Do you know the risk exposure to Respirable Crystalline Silica (RCS) presents? How do you manage your RCS Dust Code obligations? Are you aware of the new best practice for managing RCS Dust?
The seemingly endless renovations and new construction sites on the Gold Coast presents an increased risk of Respirable Crystalline Silica (RCS) exposure for workers handling materials such as sand, concrete, and brick which creates silica dust. Management of the hazard has been varied due to a series of contributory factors resulting in the assessment at a national level.
The result of this assessment was the creation of a new Code of Practice which takes effect in Queensland on 1 May 2023. The new code addresses the risks RCS presents in the construction industry and supports the government’s commitment to their recently released Australian Work Health and Safety Strategy 2023-2033 to reduce the frequency rate of work-related respirable disease by 20% and have no new cases of accelerated silicosis by 2033.
What is RCS Dust?
Respirable Crystalline Silica (RCS) is a type of dust that is generated when working with materials like sand, concrete, and brick. Exposure to this dust can cause serious health problems, including silicosis, lung cancer, and other respiratory diseases.
What is in the new RCS Code of Practice? And what are your RCS Dust Code obligations?
The Code of Practice lays out a set of guidelines and requirements for managing RCS exposure in the workplace. Some of the key elements of the code include:
- Risk assessment: Employers are required to assess the risks of RCS exposure in their workplace, including identifying the materials and processes that may generate RCS dust. Based on the results of the assessment, employers must develop a plan to control exposure to RCS dust.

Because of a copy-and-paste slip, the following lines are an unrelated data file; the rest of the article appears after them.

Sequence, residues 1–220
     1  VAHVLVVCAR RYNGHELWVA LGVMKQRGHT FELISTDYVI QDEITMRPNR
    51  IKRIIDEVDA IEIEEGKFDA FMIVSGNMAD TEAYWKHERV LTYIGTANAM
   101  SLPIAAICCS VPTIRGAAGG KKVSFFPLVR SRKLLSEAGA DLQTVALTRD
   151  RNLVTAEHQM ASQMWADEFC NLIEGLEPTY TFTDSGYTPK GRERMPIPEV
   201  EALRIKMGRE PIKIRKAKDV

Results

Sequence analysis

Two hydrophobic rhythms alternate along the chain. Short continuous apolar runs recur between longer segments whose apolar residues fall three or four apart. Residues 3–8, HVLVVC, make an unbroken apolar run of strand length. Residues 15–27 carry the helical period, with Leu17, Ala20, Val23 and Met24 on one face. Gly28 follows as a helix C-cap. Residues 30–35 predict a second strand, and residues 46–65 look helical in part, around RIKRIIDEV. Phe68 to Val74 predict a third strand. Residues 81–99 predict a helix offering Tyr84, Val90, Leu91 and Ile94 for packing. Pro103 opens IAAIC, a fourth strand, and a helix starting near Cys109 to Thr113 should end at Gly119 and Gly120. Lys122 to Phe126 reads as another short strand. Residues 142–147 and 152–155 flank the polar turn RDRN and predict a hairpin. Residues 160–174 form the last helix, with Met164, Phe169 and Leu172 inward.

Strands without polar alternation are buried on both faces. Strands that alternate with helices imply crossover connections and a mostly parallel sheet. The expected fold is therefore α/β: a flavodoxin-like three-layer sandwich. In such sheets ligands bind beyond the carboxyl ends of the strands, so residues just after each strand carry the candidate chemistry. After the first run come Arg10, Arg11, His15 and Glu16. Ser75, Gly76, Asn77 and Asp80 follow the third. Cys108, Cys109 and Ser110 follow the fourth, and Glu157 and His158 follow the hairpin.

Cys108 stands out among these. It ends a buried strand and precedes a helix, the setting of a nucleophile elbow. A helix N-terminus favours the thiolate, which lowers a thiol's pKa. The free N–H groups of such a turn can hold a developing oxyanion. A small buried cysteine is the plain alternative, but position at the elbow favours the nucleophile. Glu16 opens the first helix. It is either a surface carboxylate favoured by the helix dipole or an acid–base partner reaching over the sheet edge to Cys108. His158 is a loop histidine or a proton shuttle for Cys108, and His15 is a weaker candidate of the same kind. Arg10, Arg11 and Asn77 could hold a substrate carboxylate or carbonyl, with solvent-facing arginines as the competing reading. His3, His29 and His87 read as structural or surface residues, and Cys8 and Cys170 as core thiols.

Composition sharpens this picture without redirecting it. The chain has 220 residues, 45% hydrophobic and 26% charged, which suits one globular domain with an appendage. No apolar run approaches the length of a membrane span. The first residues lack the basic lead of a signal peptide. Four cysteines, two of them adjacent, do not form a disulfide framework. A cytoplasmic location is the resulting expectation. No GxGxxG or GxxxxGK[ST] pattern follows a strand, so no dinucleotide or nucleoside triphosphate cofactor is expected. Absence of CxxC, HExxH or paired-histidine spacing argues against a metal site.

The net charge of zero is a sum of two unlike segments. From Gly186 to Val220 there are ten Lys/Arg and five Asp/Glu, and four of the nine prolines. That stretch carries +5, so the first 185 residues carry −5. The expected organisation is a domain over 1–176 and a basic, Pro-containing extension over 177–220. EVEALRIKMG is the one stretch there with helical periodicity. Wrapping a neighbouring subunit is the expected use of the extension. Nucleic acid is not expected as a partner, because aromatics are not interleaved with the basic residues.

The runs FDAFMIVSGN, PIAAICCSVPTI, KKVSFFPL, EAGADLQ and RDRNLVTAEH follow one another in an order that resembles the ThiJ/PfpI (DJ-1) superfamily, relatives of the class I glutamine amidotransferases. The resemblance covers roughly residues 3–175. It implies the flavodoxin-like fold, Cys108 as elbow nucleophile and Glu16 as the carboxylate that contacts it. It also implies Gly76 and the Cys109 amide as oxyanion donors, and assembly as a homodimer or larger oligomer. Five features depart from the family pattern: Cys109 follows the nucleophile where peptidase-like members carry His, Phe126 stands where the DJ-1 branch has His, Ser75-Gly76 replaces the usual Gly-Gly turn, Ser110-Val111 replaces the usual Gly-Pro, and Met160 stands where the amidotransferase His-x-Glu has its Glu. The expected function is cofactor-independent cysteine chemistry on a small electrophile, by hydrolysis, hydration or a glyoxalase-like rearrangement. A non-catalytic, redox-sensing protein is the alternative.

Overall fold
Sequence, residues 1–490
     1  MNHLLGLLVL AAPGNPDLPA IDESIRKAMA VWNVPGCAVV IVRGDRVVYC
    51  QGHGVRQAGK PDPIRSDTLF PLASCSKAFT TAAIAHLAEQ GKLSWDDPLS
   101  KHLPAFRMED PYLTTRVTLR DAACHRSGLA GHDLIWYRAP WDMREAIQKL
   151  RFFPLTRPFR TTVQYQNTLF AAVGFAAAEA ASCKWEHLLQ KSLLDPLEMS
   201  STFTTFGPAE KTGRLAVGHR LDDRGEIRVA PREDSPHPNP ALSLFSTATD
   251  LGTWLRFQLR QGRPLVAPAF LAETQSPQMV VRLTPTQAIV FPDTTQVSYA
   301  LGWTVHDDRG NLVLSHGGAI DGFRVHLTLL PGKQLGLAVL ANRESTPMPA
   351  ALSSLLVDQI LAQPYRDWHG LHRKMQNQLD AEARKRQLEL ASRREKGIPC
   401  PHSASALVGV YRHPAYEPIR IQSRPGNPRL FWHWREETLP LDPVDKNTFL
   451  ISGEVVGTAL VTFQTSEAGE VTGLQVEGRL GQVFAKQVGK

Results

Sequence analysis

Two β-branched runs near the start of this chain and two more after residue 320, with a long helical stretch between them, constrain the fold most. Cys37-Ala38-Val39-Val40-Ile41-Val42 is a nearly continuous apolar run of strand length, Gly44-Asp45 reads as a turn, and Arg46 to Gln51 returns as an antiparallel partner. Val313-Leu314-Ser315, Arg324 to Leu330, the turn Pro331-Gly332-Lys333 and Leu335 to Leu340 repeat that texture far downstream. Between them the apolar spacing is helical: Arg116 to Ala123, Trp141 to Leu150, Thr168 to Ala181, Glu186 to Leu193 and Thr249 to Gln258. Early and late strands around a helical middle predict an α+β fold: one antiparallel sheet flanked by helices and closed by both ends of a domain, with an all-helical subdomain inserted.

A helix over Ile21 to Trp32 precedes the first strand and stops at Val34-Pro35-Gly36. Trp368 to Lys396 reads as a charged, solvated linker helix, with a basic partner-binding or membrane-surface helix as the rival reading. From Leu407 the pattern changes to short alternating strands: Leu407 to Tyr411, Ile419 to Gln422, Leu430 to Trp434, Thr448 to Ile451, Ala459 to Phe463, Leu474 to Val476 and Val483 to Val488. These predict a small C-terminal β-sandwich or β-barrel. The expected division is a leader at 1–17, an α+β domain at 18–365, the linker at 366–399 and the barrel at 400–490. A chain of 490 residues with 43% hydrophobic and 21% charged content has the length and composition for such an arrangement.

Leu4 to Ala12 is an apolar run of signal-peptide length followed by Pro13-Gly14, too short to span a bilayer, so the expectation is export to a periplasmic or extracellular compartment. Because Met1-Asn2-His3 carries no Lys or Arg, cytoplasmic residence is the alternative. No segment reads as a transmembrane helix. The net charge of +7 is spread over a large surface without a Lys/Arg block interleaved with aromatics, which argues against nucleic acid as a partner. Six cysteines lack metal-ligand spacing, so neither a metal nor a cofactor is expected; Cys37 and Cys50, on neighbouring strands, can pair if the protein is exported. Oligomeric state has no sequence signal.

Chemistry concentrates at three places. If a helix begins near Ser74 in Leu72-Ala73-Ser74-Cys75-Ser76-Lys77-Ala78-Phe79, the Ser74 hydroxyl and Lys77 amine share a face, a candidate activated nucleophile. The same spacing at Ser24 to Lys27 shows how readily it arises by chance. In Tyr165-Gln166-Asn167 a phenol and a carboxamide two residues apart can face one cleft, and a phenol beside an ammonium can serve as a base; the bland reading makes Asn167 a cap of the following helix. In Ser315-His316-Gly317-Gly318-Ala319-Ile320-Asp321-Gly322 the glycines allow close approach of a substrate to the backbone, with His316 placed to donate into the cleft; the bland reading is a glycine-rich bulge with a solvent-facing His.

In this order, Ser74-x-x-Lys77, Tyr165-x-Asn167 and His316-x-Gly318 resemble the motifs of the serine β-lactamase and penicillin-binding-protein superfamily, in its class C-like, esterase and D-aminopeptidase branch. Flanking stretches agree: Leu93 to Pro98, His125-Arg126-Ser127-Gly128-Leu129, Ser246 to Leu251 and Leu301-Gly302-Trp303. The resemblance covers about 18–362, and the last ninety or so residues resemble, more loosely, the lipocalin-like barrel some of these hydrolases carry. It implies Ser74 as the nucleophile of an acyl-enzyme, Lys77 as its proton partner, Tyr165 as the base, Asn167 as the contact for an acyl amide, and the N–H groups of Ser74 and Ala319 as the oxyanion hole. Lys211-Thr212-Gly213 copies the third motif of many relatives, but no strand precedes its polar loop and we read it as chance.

- Control measures: Employers must implement a range of measures to control RCS dust exposure, including engineering controls (such as ventilation systems and wet cutting methods), administrative controls (such as scheduling work to minimize dust exposure), and personal protective equipment (such as respirators).
- Training and education: Employers are required to provide workers with training and education on the risks of RCS dust exposure, how to identify potential sources of exposure, and how to use control measures and personal protective equipment.
- Health monitoring: Employers must provide health monitoring for workers who are at risk of RCS dust exposure, including regular medical examinations and lung function testing.
By implementing these measures, employers can significantly reduce the risk of RCS dust exposure in the workplace, protecting the health and safety of workers.
It is important to note that the Code of Practice is not only important for construction companies, but also for manufacturers of construction elements. For example, companies that produce concrete blocks, pavers, and other building materials must take steps to ensure that their manufacturing processes do not generate RCS dust. Are you managing your RCS Dust Code obligations?
The Code of Practice represents an important step forward in protecting workers from the dangers of RCS dust exposure. However, it is important for employers to take an active role in implementing these guidelines, and to remain vigilant in monitoring and managing the risks of RCS dust exposure. By working together, employers, workers, and regulators can ensure that the construction and manufacturing industries are safe and healthy workplaces for all.
Taking the next step to improving your WHS in your business can be a daunting task. Contact Big Yellow Safety if you are seeking the services of an experienced safety specialist to add value to your company or business. Contact us to arrange a free 30-minute Introductory Call with our WHS Specialist team to talk about your RCS Dust Code obligations.
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Phone 07 5655 4048. Servicing the Gold Coast, Tweed Heads and Northern NSW.